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The Louisianian. [volume] (New Orleans, La.) 1870-1871, December 22, 1870, Image 1

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Persistent link: https://chroniclingamerica.loc.gov/lccn/sn83016630/1870-12-22/ed-1/seq-1/

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ILt lamong tlhe lilie-: iu the hunn,
I '1:,. , u'., :,~ li!i,. ,'rnintd ea.ah one
Inu role. of u le, ral s e d wlhi tedr,.w-drop,
Tl'te etet grai s stood tall on either side,
Al, hidi the pj, bwefre me, epen' id e,
OvU."r ~hich i pondernd, wa:in :od heavy-eyed,
T'flt inmesage, where the purpose long Abu
.At la: 4 on' maste'rinig lmandatte t ats re
Atd te rvit, pleadinig telmpts the heart to
:.. Litter trial ! who h.udl count the cost
h lt- iovv anI hn,.'r in the 's.des ar- t,
Oete.d nceid ly imperi,,u., prite, ernd lost .
I ,le,-ke'd a waxn lx ptad, whi·:rin-.'p "If.af,
.Sl:dll this my late-fontld faith, so sweet, s4s
i ret,
Il r,~a and shrivol into unbulief,.
"Tl'1oe .of the life of leasion, innocence.
Shw iw the fiulles5; itf the reco:ipe:'se,
'h11n11 frigid dulty conule.r woul and s~nse!
"Within this fateful page I fold thee down,
()f w~lte wild words I dare not make a
Atl igii with longing when Ishould but
trot W."
The autumn winds shriek by--the autumn
r.*. r-like and tad, creeps down the darken
I in pane;
The giltt of life seemes valueless emnd vain.
I hold the lily leaf within my hand,
lroneii Cu the ocean's seet and bitter san.
T'arugh aLi Imy wryw l'eaert I unIet rstIand.
31Ay 1. lTrrZEIL.
-"tLt K STU i-TkLLEM."
Some iutuitive unconscious fear made
Itet, veryv dista:nt witu him, but one 14iht
:,. well be cold to a sulnbe: a. He was
one of tutie who, though they never pre
;tunet, yet :tle never ab:tisiheL He played
with the little Belle and Ma1rion, and be
ing uttisi:saityicitly favored by them, he
was frequently in my presence; and, while
I never lirgot Um. ata:tion or birth when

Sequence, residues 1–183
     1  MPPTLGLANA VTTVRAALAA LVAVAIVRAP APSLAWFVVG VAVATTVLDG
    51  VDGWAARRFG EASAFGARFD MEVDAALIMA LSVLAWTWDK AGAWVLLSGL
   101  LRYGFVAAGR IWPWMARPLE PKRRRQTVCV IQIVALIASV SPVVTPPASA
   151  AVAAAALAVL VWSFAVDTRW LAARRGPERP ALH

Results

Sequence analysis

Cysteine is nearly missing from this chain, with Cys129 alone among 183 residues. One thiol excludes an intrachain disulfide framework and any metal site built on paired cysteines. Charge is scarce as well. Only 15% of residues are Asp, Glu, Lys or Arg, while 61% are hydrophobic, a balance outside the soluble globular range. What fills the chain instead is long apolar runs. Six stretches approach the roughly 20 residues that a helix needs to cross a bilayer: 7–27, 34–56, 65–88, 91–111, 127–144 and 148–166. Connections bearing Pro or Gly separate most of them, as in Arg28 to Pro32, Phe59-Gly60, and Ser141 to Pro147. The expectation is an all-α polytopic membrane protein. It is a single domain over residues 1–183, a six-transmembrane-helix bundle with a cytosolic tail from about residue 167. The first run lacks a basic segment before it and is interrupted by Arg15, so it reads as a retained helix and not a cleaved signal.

aitih the \\ yunllunts, with Mldph Moly
niux unmy sad past was fur the time for
lie c:ane eagerly to me on0 afternoon,
saying that he Iinl obtainedei lxruL~Ls ion
1iroiUl, Mi s. Wyned.lnn for the chldruun to
go out to the Leorry 1al with hiimi, and
.ie inl ordtlered the pony carriage in halu
.mi hour. Could we rce ready in Luett tune:
"'1 can send them down before then,"
i replied, catching 'l.d' hand, ils she was
lt:aping round "u her joy, and turning to
io into the house.
i"But y, u are going," he said, stepping
:e)fore mre. not looking at me, however,
,at tw isthig the child's curls as he spoke.
'Mr's. V\yuniitil desired that you might
,0 to see to t the children, and I grante(d
ierluisssiou,' now looiiing up and tlashing
a swift stmile over mue.
"But you take the girls off alone very
often, 1 s:aid.
"That is no rerson for you to neglect
your duty," he r.em hided, now looing
t ,l1 at me withI eyes irreuistibly wnuning.
"' 1 wl go," I said, c e.sciouti of a desltr
Sto go, aiM yet of a feeling that I ought
not ut gr:,triyit
IUn a few Imoments we c uDe down and
S.tiund liilph reading a letter which hadi
i ju.t hein brought. He was looking vexry
gr.ve, and did not glance up as we came
Itown.l Major Wyndhamiu wa~ staning
near, and while we waitLed in the .back
I ground the Major said.
"'Frnm home, Ualph"
"" i.5 W'ayne writes that my mother's
favorite mrerid, Fannie, has run away, and
one of the women in the fideld i mismising.'
"It they wero mine, and were caught,
as th9y would be, they wouldn't run away
ia .eoud timue," said the Major, switching
with his r cJnt cae a blooming plant
at his feet.
"F*'anie might esoll p easy enogrgh for
a white y pet I. She's no blacker than
von or 1 Mother bought her while 1